Next up, a couple of Updates for you.
First, a little follow-up on the continuing fallout over Indiana's attempt to pass its version of a RFRA, or Religious Freedom Restoration Act, more properly called a God Gave Me The Right To Be A Bigot Act, the sort that would allow "religious belief" as a defense against a claim of discriminating against LGBT folks in public accommodations.
You know, of course, as I have mentioned before, that Indiana hastily amended the bill to say it couldn't be used to justify a violation of civil rights. That isn't all that much of an improvement since there is no law in Indiana against violating the rights of LGBT folks, but still, it showed the strength of the opposition.
Meanwhile, on another front, the owner of a car repair shop in Michigan announced on Facebook that he would not serve openly homosexual customers because you know, Christianity.
Many folks figured he was trying to cash in the way a pizza shop in Indiana did when the owner said they wouldn't serve a same-sex wedding and a resulting GoFundMe campaign raised over $800,000 for the family. After the predictable negative reaction to his bigoted rant, he launched a GoFundMe page with raised a total of $5 before it was shut down for hate speech.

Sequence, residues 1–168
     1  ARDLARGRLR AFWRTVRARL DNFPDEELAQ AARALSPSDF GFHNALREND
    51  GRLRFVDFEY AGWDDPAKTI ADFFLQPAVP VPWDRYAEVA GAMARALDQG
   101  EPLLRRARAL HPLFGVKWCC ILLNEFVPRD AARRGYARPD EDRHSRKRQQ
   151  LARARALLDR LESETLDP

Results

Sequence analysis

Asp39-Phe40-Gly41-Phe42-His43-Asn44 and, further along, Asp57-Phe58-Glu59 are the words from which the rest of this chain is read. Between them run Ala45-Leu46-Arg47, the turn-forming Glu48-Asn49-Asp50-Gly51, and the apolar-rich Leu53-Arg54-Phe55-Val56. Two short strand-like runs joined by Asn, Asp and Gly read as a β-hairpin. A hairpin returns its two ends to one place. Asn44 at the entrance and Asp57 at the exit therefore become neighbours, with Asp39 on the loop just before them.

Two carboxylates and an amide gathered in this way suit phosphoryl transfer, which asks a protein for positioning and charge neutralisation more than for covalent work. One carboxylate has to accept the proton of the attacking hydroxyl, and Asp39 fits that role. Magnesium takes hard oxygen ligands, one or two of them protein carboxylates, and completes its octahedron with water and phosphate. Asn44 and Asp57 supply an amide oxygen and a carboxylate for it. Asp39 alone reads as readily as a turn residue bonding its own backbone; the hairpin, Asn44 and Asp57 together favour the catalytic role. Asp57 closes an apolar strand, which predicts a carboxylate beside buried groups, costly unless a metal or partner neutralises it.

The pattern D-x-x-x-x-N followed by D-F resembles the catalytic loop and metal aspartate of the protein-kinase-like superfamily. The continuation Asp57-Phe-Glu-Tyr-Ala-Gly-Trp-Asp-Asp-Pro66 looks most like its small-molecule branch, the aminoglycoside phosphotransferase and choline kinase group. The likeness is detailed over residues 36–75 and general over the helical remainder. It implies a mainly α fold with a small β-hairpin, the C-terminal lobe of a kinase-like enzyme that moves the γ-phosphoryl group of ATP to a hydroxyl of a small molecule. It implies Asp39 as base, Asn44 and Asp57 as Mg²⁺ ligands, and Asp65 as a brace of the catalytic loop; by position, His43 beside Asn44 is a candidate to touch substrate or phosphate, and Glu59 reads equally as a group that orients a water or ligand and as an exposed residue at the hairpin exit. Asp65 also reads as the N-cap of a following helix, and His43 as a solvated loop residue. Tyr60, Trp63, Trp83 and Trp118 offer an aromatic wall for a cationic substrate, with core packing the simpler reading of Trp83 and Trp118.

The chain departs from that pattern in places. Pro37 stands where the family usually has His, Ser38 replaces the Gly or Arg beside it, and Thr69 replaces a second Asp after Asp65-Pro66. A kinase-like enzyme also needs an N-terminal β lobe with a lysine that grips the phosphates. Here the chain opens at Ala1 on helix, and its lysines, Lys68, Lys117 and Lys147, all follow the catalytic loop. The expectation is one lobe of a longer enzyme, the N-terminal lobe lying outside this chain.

By the way, the owner, one Brian Klawiter, said in his Facebook rant that "Homosexuality is wrong, period. If you want to argue this fact with me then I will put your vehicle together with all bolts and no nuts and you can see how that works." Now, it's true that cars will not work well with just bolts - but apparently you can run a business in Michigan with just nuts.
Finally for now, according to a new Bloomberg poll, 74% of those polled said that sexual orientation should be protected from discrimination the same way race is protected and 58% expect that same-sex marriage will be legal in all 50 states within 10 years.
Note that latter figure is not about it you approve of same-sex marriage: You could hold that same-sex couples should have the same marriage rights as any other couple but think that won't happen for some time, if ever. On the other hand, you could oppose same-sex marriage rights but feel resigned to the idea that it's going to happen anyway.
What's important is that both those poll figures point in the same direction: The culture wars on same-sex rights, at least same-sex marriage rights, are over. The right wing has lost. The only question is how long the dead-enders will try to hold out.
Sources cited in links: